Roy Halladay, a man obsessed with perfection, finally reached his goal last Saturday. The record will show he recorded 27 consecutive outs on 115 pitches, with eight groundouts, eight fly ball outs and 11 strikeouts.

 

Aperfect game for a perfect pitcher. What the record will not show is all of those winter mornings at the Phillies complex in Clearwater, Fla., at 5:30 — long before the arrival of his teammates and most of the stadium personnel. What it also won’t show is the four-hour workouts, the meticulous film study, the life regimen that never wavers, never allows for exception.

 

It remains to be seen whether Roy Halladay will be considered the greatest pitcher in Phillies history, but there should be no debate now that he is the closest to perfection. On the field, he is a model of decorum, even when the umpire loses the strike zone and alters Halladay’s carefully calibrated world.

 

Off the field, he is a quiet family man with a passion for helping underprivileged children.


In other words, he is about as close to perfect as a human being can get. We have already seen how he handles adversity, and there is no reason for criticism there, either. After a 132-pitch loss to Pittsburgh, Halladay never questioned Charlie Manuel, nor did he blame the manager upon getting clobbered in his next start against Boston.


When a pitcher comes along like Roy Halladay, we all need to study him carefully because he is the standard against which all great players should be measured. It was fitting that the pitcher performed his masterpiece in the presence of Hanley Ramirez, the anti-Halladay — a lazy, pompous superstar who has no respect for the game.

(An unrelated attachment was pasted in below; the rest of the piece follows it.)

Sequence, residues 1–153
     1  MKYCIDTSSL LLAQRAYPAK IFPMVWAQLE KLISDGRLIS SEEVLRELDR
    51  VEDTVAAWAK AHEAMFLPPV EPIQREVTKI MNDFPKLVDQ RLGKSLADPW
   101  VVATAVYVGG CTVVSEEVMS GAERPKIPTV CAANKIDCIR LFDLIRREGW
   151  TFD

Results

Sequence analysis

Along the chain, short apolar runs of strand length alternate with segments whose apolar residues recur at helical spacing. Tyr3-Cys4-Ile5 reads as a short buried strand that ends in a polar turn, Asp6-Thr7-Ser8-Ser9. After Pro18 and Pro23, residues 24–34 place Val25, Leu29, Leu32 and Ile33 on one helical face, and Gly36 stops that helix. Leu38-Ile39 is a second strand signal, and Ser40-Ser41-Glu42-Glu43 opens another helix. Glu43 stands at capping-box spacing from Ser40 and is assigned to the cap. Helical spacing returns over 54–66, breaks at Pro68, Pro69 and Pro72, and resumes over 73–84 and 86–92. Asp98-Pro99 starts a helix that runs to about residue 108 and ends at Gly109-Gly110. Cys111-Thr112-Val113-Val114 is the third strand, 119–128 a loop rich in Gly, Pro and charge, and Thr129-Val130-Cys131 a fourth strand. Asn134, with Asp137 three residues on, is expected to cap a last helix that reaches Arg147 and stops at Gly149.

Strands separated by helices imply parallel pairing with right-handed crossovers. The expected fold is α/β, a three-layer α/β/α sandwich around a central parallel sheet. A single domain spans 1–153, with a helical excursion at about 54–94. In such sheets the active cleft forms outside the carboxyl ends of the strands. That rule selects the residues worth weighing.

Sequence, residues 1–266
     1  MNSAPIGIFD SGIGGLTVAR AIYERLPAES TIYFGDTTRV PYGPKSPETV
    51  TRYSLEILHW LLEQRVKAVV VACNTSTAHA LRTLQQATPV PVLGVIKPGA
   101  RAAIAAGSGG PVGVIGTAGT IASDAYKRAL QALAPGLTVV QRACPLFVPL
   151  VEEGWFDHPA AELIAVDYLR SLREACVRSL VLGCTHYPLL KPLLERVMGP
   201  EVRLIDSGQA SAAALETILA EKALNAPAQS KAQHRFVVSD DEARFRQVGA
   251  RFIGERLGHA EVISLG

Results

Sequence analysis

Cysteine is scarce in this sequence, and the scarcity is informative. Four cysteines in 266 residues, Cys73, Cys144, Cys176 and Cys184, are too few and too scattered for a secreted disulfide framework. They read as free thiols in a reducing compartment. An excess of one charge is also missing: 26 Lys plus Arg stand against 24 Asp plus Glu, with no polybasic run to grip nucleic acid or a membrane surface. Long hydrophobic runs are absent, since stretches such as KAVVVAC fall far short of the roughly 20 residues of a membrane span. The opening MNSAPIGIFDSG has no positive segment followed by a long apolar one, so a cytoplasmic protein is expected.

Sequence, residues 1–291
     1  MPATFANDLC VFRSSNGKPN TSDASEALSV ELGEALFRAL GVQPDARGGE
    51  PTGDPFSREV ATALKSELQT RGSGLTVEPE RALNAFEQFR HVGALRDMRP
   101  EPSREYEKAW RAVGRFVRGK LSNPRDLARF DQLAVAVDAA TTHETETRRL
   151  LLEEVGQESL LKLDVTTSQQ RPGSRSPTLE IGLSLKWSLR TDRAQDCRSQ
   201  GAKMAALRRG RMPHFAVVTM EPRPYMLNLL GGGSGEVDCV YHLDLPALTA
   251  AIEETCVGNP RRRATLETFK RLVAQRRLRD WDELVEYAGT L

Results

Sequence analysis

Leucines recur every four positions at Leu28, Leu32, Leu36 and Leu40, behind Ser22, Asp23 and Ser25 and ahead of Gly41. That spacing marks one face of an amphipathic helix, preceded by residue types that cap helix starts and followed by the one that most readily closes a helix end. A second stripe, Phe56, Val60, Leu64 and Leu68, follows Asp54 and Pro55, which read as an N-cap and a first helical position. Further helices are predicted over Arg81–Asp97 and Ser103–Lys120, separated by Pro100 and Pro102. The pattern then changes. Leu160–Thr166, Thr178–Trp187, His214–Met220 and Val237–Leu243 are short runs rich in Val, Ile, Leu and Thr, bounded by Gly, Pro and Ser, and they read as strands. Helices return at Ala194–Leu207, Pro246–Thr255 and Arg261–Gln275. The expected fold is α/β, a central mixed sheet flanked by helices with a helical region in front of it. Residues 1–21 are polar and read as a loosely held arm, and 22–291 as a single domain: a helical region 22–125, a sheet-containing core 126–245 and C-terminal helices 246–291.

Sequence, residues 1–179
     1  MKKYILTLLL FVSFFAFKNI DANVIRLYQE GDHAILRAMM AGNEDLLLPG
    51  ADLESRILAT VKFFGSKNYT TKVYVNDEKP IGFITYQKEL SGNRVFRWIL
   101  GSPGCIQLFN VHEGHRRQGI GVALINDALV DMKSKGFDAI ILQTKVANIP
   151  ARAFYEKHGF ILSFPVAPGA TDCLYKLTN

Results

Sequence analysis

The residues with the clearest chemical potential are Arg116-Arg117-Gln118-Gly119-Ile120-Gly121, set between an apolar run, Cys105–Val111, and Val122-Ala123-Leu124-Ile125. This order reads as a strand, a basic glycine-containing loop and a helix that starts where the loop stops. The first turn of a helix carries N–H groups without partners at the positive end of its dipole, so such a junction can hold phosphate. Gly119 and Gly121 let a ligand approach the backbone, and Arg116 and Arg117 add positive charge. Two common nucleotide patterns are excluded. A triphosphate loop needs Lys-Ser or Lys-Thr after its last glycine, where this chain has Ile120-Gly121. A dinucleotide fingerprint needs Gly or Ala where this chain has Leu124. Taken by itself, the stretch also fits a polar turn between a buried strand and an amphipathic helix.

Halladay doesn’t possess the physical gifts of a Hanley Ramirez, but he has something more important. He has a will to succeed that compensates for his lack of a blistering fastball or a knee-buckling splitter. Halladay’s work on a baseball field is more art than science, a series of psychological skirmishes with the batter. On Saturday night, he won all 27 of those.


After the game, Halladay thanked his teammates, coaches and fans in Florida. Of course, a party broke out in the clubhouse to honor the 20th perfect game in history and the second ever for the Phillies. Players were toasting the event and reliving some of the highlights of a game they’ll never forget.


But someone was missing. Halladay was gone, immersed in his postgame ritual of working out and preparing for the next challenge. For a man obsessed with perfection, it was the perfect ending.


– Angelo Cataldi is host of 610 WIP’s Morning Show, which airs weekdays from 5:30-10 a.m.


Metro does not endorse the opinions of the author, or any opinions expressed on its pages. Opposing viewpoints are welcome. Please send 400-word submissions to letters@metro.us.